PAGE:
For many people who work remotely, the line between where work ends and home life begins can be incredibly blurry. It’s ironic, but having more freedom and flexibility than usual does come with significant trade-offs. Fortunately, it’s possible to adapt to this type of set-up, whether that means creating a daily routine or enforcing your own boundaries. In this article, we’ll list some of the most common issues faced by employees working from home, and what you can do to manage your stress levels without sacrificing productivity:

Embrace Dressing to De-stress

One of the best perks of working from home is the lack of a dress code. You can clock into work dressed in your most lived-in hoodie, a pair of sweat pants, and relaxing socks one morning, or go for distressed jeans, a loose-fitting shirt, and a pair of sandals the next.

However, just because you’re free to be as comfortable as you want doesn’t mean that there’s no merit in still dressing up for work. The clothes you choose to wear while on duty can have a considerable effect on the way you feel and your level of motivation for the day. Your outfit can even help improve your focus and make you more productive. It also ensures that you’re decent and presentable for any surprise video conferences or meetings that your team members might spring on you.

Instead of rolling out of bed and going to work in the same clothes you slept in, you can try changing into a different outfit before logging in. You don’t have to put on a suit and tie, as comfortable clothes that don’t have any holes or rips in them will do just fine. Everything from your shirt down to your everyday performance socks should also be fresh and clean. Most men who work from home choose cozy athleisure sets as their uniform of sorts, but any ensemble that’s neat and tidy should help you instantly feel more professional.

Give Your Day a Bit of Structure

Many of those who are new to remote work often get tripped up by the sudden amount of freedom they have over their own schedules. Though some companies may still impose rules over clock-in times and compulsory breaks, most organizations that have embraced the work-from-home model allow their employees to manage their time independently. However, what some might see as an advantage is in truth an area where most workers tend to flounder. The lack of social cues can make it hard for some employees to know when to start or stop working.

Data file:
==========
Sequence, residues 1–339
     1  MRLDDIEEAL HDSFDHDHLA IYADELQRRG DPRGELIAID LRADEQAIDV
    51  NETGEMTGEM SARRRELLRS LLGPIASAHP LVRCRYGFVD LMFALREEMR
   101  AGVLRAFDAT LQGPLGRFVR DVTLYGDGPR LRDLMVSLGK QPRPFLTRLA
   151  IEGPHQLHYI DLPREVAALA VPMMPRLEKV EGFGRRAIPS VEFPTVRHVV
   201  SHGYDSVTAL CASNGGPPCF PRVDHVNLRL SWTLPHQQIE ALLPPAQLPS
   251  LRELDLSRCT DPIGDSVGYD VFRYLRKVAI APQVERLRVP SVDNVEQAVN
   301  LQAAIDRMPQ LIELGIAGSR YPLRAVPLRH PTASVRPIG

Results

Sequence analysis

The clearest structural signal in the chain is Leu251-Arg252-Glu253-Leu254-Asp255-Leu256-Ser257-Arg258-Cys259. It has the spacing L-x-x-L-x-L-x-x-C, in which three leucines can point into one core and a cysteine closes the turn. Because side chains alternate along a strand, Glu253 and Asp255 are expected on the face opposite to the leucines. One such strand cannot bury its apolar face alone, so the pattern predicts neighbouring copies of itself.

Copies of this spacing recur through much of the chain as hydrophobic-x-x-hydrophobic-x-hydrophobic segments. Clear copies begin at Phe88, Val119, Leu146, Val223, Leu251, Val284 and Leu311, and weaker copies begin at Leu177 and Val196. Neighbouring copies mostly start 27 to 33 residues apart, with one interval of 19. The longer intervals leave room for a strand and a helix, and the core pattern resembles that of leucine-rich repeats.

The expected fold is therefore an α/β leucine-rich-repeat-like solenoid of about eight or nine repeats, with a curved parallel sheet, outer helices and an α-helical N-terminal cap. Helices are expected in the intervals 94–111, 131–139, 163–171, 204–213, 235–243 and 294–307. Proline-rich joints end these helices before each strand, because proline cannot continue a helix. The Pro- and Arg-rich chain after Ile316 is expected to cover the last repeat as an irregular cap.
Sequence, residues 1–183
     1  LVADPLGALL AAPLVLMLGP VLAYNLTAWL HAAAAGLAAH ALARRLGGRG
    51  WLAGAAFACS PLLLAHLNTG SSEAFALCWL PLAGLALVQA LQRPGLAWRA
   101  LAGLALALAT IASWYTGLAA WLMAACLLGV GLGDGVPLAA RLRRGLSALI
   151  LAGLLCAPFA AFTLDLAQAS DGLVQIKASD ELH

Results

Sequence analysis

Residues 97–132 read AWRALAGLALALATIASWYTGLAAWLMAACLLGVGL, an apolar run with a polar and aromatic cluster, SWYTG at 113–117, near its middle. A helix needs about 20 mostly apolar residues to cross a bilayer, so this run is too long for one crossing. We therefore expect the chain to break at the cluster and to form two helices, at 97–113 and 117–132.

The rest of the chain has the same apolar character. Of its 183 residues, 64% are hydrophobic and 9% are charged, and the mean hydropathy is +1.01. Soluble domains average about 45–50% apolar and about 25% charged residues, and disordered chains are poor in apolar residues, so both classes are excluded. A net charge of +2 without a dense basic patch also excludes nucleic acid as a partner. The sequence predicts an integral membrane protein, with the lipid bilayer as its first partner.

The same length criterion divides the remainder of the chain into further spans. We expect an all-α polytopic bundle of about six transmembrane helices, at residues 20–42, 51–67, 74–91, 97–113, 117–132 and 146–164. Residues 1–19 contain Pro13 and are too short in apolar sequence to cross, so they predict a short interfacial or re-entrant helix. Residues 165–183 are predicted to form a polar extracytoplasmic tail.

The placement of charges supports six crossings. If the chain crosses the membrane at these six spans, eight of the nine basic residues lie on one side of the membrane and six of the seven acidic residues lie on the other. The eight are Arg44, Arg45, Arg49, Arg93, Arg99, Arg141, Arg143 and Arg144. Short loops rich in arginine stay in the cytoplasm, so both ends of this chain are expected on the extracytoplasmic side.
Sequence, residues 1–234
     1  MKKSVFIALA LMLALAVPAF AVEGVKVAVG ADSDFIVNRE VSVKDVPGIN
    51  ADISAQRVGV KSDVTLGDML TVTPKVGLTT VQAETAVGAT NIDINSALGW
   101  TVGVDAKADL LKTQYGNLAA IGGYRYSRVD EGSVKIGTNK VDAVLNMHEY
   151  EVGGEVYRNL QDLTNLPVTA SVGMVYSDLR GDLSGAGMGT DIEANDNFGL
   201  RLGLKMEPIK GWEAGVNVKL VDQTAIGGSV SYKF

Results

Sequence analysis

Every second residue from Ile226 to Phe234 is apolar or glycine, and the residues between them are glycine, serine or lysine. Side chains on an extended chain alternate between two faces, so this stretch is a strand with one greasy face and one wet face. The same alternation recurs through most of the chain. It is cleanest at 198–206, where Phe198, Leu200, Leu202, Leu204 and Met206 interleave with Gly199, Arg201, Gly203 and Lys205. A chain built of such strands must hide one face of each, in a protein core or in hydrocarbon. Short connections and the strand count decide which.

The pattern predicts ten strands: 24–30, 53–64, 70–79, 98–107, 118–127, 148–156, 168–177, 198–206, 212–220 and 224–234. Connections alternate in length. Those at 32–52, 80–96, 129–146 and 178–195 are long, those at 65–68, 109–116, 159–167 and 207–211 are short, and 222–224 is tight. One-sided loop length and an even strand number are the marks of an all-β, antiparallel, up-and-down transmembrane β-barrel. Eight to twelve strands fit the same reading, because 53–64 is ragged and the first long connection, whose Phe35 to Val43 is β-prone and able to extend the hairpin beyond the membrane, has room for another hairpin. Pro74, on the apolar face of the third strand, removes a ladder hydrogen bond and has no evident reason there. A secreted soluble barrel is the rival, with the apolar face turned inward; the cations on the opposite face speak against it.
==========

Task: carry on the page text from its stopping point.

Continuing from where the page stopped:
Setting a schedule and sticking to it is the most direct way to address the lack of structure you might be feeling as a remote worker. Developing a healthy routine that incorporates both productive time and moments for self-care can also help you feel less overwhelmed while giving you a better sense of control over your days. To further reduce stress and minimize feelings of anxiety, systematically clear your plate by prioritizing your most challenging tasks and resolving to do them first.

Designate a Working Space

Another way to help your brain establish a clear boundary between your job and the home is to designate a space in the house exclusively for work. Designating a space specifically for your job helps trigger the brain to go into work mode, allowing you to focus and stay productive. In the same vein, doing so allows the brain to recognize that other parts of the home are for rest and relaxation.

For some, this area can be a spare room that’s been converted into an office. Those who may not have that much space can still claim a quiet corner away from everyone else.

Once you’ve picked out a suitable working nook, make sure that it stays neat and tidy. A cluttered workspace is a stressful environment that can only hinder you from being as effective as possible. It’s also a good idea to invest in ergonomic office accessories and furniture, especially if you spend most of your time seated when working. A standing desk or a laptop stand can help you avoid the detrimental effects of sitting for too long, while an ergonomic chair or cushion can provide you with the support needed to prevent back and shoulder pain.

Make an Effort to Stay Connected

Feelings of isolation and loneliness are common among those who have been doing remote work for a while. This is especially true for individuals who live on their own and don’t have family members or roommates to interact with. In some cases, this lack of social interaction can negatively impact a worker’s energy levels and performance.

If working from home has made you feel a bit cut off from the rest of the world, don’t worry. You aren’t alone, and you definitely don’t have to continue feeling that way. Consider reaching out to your teammates and colleagues throughout the workday through messaging and collaboration tools. You can also easily find groups and communities of people who can empathize with your situation on social media. Put yourself out there, and you may make a friend or two!

Working from home can be rewarding on several levels, as long as you’re adequately equipped to manage the hidden stressors that come with it. So, look out for yourself, take breaks when you need to, and stay attuned to how you’re feeling. These can all go a long way towards mitigating stress and keeping you calm and focused so that you can make the most out of your workdays.

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